CSS starter kit for new projects

Usage no npm install needed!

<script type="module">
  import jonikorpiBaseFiles from '';


These are the base CSS files I use to start new projects.


Import all the files you need. In create-react-app you would do: import "jonikorpi-base-files/reset.css"; and so on.


Import this first if you're using it. It's a combination of normalize.css and the star selector CSS reset. Tries to set sane, non-annoying defaults.


Sets up a 1rem baseline grid. Meaning 1rem will always be equal to <body>'s line-height. So for example if you need a padding of 2 baselines anywhere in your CSS you can just do padding: 2rem;, and not have to worry about any of the maths involved in traditional baseline grid implementations.

The baseline grid also scales slightly, or "flexes", meaning everything measured in rems becomes slightly bigger in larger viewports. You can adjust this by overriding (see below) --baselineScaling: 0.3. (Set to 0 to disable.) Details on the technique:

You should override the default properties with your own, in your own CSS file: html { --baselineSize: 1em; --baselineScaling: 0.3; }.

Then just use rems in your own CSS to set up your typography, margins, paddings, heights, widths, everything: body { font-size: 0.75rem; } h1 { font-size: 1.25rem; line-height: 1.5rem; }. (Don't change <html>'s font-size or everything will break).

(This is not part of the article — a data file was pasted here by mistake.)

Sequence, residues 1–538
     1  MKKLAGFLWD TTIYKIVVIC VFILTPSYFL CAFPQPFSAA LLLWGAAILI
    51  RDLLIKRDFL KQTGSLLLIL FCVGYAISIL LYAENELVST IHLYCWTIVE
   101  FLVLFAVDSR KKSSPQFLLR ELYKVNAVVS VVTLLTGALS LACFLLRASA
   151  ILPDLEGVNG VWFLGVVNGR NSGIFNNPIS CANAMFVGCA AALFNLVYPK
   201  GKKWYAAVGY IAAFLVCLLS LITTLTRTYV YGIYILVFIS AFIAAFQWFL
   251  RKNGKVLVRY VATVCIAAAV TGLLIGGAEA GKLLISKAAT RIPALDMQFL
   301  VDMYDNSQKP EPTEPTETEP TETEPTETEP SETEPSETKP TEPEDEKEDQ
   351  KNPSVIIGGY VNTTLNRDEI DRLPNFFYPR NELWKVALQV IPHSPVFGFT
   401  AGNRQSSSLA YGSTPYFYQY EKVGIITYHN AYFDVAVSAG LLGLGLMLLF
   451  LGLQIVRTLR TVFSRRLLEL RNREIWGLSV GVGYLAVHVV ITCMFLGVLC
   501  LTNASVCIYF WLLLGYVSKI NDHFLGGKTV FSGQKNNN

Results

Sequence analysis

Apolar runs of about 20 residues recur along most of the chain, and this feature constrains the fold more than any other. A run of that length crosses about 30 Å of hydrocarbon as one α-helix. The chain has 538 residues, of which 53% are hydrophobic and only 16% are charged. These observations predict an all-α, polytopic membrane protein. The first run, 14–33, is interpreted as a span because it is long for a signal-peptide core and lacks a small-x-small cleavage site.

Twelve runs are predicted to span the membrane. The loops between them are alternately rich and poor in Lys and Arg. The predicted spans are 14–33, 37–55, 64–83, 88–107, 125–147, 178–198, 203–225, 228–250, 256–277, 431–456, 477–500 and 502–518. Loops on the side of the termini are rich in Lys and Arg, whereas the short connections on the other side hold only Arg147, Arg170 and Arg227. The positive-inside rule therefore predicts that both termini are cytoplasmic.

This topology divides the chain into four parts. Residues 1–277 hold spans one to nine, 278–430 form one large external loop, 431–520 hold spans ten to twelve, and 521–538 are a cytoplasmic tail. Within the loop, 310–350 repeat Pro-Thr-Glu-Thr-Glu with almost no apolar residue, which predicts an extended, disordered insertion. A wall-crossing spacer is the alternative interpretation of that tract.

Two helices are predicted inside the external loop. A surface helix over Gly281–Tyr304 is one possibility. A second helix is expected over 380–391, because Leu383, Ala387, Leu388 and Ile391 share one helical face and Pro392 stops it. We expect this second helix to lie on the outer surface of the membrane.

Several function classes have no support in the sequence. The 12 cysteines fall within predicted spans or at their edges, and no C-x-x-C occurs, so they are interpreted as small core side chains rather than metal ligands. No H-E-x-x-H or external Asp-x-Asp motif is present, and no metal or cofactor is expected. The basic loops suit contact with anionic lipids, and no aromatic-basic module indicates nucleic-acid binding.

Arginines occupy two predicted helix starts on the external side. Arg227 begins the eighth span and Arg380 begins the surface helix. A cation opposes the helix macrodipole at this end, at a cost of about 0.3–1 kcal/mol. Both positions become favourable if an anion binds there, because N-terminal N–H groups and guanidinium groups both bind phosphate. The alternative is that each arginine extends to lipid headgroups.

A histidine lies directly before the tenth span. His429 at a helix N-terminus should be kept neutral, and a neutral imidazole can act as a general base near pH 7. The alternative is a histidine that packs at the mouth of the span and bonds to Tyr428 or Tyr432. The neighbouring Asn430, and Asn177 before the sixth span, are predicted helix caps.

A few minimalistic classes that should handle most of the paddings and margins you'll need.

If you have a container and need margins between its children, use .margins-x or .margins-y. (Using both at once to create margins in a grid-like layout will not work well. Better to use CSS Grid for that.)

On their own they'll create margins equal to 1rem: <div class="container margins-x">…</div>. To adjust the size override their respective CSS variables: <div class="container margins-y" style="--margins-y: 1rem;">…</div>.

You can use .margin and .padding similarly, to quickly give a single element some padding or margin: <div class="padding" style="--padding: 2rem;">…</div>;


A couple of flexbox utility classes so that you don't have to keep writing them again and again.


reset.css destroys many default form element styles. This brings some of them back: bordered input fields and selects, slightly rounded buttons. (If needed, use .fake-link to revert the styles and make a button look like a link.)


Classes that add margins equal to env(safe-area-inset-right) and so on, for implementing easy support of iPhone X and other non-rectangular devices.